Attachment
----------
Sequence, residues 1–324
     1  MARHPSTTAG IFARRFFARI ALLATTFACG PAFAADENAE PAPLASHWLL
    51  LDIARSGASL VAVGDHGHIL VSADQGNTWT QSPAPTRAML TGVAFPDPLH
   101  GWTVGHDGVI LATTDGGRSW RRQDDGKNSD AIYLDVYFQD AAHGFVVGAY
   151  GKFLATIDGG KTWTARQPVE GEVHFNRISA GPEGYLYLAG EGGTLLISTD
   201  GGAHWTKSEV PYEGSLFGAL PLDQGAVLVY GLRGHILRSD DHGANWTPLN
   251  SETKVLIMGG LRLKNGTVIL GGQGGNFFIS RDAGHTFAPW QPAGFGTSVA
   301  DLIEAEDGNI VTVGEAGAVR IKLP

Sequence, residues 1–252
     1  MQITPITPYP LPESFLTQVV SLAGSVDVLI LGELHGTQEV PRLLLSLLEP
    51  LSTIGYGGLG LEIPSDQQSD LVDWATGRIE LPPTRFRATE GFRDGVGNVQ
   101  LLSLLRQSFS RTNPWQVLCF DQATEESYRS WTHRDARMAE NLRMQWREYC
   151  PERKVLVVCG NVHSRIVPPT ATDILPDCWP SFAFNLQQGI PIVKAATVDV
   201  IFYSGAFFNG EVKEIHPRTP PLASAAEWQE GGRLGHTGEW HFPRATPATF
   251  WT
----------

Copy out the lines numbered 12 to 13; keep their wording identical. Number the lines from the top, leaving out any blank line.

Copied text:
   101  LLSLLRQSFS RTNPWQVLCF DQATEESYRS WTHRDARMAE NLRMQWREYC
   151  PERKVLVVCG NVHSRIVPPT ATDILPDCWP SFAFNLQQGI PIVKAATVDV